12. Because I like to be able to clean guns in the house and in motel rooms without haz mat crews getting called or myself kicked out of an establishment. And I value my lungs and what's left of my brain function and eyesight. And I don't like having to be real careful where the overspray lands. I shoot a lot, and buy about 4 cans of spray gun cleaner a year. For that $40, I sleep well and don't worry. Besides, I would much rather make a gun product company "rich" than some real estate sharpie from Arkansas or New York. Good luck, GJ
  13. new Mernickle mil-spec elastic double-shell loops are as fast as I can go - lay middle finger between the pair of shells as I grab them. GJ
  14. No, what you have been told is those cleaners will soften and remove varnish or most other stock finishes. Keep it off the wood. Shotgunners usually even pop the barrel(s) off the gun so there is little chance of damaging stock finish. As LG mentioned, use it outdoors. The chemicals in those cleaners are HARD on the lungs! Brake cleaner is slightly less aggressive than carb cleaner - but either will work for removing plastic or powder residue from shotgun barrels. Will not remove copper or lead fouling from rifle or revolver barrels very well. Bore cleaners are better there! G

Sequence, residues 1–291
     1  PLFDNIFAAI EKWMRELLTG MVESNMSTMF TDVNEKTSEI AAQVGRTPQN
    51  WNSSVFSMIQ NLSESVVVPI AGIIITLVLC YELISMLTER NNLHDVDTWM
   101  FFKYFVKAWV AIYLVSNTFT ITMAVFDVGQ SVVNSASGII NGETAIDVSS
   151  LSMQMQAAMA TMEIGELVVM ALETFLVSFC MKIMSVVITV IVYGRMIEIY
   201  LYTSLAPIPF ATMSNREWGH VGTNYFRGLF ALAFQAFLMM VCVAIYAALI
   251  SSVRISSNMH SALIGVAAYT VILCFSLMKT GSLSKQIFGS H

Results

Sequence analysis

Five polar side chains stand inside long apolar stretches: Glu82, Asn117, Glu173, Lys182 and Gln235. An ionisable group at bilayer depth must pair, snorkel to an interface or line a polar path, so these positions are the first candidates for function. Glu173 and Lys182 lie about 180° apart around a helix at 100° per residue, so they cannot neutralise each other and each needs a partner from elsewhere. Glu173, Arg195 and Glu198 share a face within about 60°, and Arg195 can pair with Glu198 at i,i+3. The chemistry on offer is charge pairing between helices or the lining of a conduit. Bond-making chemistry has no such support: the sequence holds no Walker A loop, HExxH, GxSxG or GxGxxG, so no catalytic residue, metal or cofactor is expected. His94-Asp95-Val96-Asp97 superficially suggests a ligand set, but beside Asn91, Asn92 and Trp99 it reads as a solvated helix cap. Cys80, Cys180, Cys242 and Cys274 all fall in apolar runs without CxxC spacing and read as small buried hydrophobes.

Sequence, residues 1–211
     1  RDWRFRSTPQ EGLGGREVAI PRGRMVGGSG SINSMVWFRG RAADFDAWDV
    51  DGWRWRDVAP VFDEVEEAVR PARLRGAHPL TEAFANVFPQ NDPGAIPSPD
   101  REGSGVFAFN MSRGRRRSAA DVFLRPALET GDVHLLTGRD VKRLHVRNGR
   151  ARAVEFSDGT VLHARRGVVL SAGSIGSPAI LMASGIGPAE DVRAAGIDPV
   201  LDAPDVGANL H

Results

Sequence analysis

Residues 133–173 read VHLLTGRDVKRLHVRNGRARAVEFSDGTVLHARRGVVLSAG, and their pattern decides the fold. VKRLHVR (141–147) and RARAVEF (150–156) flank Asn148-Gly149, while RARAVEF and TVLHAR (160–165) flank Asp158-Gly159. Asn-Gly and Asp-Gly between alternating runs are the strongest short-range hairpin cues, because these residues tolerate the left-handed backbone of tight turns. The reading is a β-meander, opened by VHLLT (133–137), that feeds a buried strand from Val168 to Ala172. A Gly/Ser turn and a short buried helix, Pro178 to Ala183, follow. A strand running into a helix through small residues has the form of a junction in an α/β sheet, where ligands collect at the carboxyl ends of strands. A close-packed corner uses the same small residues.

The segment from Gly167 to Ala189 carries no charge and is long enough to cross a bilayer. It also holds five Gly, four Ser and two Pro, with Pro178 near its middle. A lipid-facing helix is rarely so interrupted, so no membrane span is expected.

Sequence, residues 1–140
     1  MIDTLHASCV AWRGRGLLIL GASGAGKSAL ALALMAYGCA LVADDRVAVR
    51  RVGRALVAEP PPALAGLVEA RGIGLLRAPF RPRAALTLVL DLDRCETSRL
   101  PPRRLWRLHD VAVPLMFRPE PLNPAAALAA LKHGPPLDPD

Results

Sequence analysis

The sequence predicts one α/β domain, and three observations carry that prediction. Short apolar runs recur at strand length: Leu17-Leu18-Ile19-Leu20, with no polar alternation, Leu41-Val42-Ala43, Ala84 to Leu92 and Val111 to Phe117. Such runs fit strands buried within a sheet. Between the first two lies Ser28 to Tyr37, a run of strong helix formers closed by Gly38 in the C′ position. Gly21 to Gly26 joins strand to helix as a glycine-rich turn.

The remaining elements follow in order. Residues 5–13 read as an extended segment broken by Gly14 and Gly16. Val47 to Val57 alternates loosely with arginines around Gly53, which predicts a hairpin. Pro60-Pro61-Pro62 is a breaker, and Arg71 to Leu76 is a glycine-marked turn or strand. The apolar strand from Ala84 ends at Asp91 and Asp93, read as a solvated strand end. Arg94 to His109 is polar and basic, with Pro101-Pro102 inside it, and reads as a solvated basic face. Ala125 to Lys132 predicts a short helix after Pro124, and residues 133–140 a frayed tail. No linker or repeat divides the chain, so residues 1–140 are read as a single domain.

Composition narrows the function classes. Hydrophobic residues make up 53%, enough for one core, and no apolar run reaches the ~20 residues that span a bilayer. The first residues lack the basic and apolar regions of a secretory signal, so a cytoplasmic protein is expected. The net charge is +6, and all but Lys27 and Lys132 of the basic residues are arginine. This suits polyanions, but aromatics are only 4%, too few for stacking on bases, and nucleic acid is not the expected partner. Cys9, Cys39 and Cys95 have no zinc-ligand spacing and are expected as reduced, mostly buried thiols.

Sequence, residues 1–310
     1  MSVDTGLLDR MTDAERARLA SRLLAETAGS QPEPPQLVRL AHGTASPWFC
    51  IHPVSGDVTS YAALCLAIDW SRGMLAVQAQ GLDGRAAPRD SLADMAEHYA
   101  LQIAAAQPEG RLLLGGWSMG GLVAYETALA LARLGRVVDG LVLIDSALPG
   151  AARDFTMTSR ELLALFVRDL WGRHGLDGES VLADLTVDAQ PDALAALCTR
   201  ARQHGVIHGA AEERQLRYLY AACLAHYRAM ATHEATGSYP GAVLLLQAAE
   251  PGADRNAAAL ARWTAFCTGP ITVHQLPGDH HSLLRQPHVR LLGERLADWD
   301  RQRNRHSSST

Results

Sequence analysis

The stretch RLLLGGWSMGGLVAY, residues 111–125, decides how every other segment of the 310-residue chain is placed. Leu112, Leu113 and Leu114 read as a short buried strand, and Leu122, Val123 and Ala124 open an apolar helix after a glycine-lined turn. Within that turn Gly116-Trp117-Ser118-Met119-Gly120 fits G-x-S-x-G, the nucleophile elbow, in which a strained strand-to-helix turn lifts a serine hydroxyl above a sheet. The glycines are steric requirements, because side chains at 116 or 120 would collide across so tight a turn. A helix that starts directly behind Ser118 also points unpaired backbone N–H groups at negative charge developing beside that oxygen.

15. All sounds about like normal fire forming process except there's no need to point muzzle up when firing. Other fireforming technique - get a supply of the cheapest slugs you can, load a light load of Red Dot or Unique (see Lyman loading manual) (plinking load), fire them. Examine first one or two to make sure you are not stretching the case down at the base, and that you have enough powder for full case expansion in the shoulder. Most of the reloading manuals should have instructions for fireforming cases. Good luck, GJ